The Need for Cycling Routes

The Need for Cycling Routes

Back in 2010 I joined a recreational cycling club based in Cranbury, NJ. It calls itself the “Princeton Freewheelers” (PFW), but it has little to do with the town of Princeton. Typical of the way local businesses, developers, and organizations name their companies and practices in the Princeton area. When I joined the club there were only a handful of ride leaders who for the most part lead rides out of Village Park in Cranbury. There were a few rides being lead out of Ringoes in the Sourland Mountains, and there were a few rides being lead out of Pennington and Hopewell. But none from Princeton. Anyway, these ride leaders kept close control over the routes they designed for their rides. To this day, most ride leaders at Princeton Freewheelers do not share their route designs with others. So unfortunate. So there is not only a shortage of ride leaders at PFW, but also a shortage of published route designs.

Then in 2017 I joined a national cycling club with various local districts through the United States. Its acronym is RUSA which stands for Randonneurs USA. And this organization is set up differently than PFW. Instead of depending on ride leaders to lead rides the way PFW operates, RUSA depends on its members to create routes that will be ridden without a leader. Interesting concept actually. But it only works well if members are willing to create routes. I’ll admit that it is more difficult to design a route for RUSA purposes than it is for PFW purposes. However, in the Princeton area there are not too many RUSA routes to choose from. And to make matters worse, the ones that are available currently are short routes. RUSA prides itself on promoting ULTRA-distance cycling events, typically 200k, 300k, 400k, 600k, 1000k, and 1200k. How many RUSA routes are offered in New Jersey and Pennsylvania to RUSA members to do when they want that are longer than 200k? Answer: no more than a handful. None of the 1000k or 1200k variety. So what gives?

Well, it seems no matter the cycling club there will be a problem getting members to lead and to create routes. Fortunately for me I am very comfortable leading PFW rides and designing routes for both PFW and RUSA. I add links to my RWGPS route maps to all my postings on the online PFW Ride Calendar, and I’ve started creating RUSA routes in Pennsylvania and New Jersey that are included in the RUSA Permanents database. My goal with regard to RUSA routes is to create the ones I wish had already been created so I can have more fun with RUSA. As it stand now, I foresee myself getting bored with RUSA in the somewhat near future if I don’t create routes for it.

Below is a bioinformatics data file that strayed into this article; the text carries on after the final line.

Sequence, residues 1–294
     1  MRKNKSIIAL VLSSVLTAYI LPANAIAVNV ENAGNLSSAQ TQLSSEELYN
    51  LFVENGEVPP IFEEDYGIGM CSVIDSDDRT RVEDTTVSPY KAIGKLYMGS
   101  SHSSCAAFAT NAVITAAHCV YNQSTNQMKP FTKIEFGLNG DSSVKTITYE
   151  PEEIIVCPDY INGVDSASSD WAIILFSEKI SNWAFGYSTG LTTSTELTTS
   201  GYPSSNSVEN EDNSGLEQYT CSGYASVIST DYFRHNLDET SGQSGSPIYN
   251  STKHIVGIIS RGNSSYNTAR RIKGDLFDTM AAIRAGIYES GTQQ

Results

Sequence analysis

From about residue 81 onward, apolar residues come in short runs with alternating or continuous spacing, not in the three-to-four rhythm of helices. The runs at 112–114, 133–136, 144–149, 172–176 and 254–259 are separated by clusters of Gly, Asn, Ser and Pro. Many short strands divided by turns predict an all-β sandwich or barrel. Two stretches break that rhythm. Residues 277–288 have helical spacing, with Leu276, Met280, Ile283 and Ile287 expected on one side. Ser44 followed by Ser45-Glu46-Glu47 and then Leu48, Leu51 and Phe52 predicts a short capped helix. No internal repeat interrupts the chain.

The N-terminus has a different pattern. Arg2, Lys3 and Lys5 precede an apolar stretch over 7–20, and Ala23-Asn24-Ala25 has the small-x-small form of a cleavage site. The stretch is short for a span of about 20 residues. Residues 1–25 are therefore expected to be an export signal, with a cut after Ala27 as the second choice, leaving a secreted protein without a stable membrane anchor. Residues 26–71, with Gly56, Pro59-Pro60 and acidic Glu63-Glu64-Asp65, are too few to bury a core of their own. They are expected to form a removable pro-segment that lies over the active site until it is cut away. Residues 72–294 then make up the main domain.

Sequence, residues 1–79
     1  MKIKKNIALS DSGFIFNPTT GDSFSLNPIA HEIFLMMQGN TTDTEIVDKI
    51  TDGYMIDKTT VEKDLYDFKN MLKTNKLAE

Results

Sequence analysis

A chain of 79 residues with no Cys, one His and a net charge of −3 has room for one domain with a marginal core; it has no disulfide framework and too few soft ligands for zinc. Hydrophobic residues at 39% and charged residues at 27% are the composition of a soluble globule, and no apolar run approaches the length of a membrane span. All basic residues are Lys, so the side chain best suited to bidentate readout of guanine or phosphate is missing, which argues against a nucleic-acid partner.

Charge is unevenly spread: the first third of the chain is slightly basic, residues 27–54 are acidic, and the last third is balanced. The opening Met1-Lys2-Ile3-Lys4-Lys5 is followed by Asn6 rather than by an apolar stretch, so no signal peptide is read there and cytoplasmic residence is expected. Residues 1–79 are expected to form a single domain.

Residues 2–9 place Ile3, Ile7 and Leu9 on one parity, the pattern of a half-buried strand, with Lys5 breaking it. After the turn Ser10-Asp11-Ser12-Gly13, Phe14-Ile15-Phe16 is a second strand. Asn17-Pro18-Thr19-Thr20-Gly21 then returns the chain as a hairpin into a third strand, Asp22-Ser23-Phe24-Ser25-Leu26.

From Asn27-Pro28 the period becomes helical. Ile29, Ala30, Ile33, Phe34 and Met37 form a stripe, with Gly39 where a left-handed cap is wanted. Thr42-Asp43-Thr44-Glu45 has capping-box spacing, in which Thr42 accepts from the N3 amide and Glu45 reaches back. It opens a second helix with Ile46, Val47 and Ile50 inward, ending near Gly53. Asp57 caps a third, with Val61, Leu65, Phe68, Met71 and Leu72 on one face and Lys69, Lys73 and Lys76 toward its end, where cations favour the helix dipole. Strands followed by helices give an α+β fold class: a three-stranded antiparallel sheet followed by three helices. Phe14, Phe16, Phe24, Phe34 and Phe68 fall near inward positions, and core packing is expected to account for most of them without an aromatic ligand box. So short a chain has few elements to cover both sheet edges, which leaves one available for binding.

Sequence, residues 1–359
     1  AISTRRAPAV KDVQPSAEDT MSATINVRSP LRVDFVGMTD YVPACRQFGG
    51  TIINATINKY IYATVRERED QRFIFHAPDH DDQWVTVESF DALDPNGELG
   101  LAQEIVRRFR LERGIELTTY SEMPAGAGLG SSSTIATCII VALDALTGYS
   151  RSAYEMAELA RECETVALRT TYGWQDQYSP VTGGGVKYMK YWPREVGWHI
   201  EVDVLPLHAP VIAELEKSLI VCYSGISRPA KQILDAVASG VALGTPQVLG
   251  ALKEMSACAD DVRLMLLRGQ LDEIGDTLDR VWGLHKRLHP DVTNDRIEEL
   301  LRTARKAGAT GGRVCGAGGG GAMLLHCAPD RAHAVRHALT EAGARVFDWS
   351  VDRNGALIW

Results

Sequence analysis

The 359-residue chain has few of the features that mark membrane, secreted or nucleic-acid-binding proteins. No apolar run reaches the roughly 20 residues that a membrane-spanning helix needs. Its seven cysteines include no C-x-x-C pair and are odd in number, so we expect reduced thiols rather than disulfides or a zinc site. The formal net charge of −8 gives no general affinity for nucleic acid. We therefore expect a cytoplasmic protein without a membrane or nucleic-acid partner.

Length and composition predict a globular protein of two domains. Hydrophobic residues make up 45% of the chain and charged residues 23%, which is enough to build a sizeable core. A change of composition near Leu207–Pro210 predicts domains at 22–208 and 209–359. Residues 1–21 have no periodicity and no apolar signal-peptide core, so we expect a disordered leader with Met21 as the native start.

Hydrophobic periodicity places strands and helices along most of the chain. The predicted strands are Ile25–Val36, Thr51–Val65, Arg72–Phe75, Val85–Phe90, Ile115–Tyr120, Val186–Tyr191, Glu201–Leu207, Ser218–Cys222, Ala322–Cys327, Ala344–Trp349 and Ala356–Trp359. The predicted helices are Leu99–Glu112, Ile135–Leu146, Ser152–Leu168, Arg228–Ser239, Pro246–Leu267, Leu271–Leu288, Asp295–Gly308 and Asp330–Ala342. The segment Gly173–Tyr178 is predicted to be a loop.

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How to Stay Comfortable during Long Climbs

How to Stay Comfortable during Long Climbs

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The Importance of Intensity in Physical Activity

The Importance of Intensity in Physical Activity

Higher intensity workouts are better for good health than lower intensity ones. But to train for ultra-endurance events you have to do a lot of lower intensity activities for long durations. Accordingly, to maintain good health you should probably not focus your life too much around preparing for ultra-endurance events.

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Exercise Is Not Such a Good Weight Loss Tool

Exercise Is Not Such a Good Weight Loss Tool

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Ultra-endurance Cyclist Lael Wilcox

Ultra-endurance Cyclist Lael Wilcox

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BR2B 1200k Day 1 Was an Experience

BR2B 1200k Day 1 Was an Experience

I had fun at the Blue Ridge to Bay 1200k bike event that started at 5 AM on Thursday out of Leesburg, VA. Saw some friends, met some new ones, and had a good day of riding. It was a wet experience, but I prefer the weather the way we got it if you consider how hot it could have been. I rode much of the day with Rudi Mayr who had traveled to the event with me by car.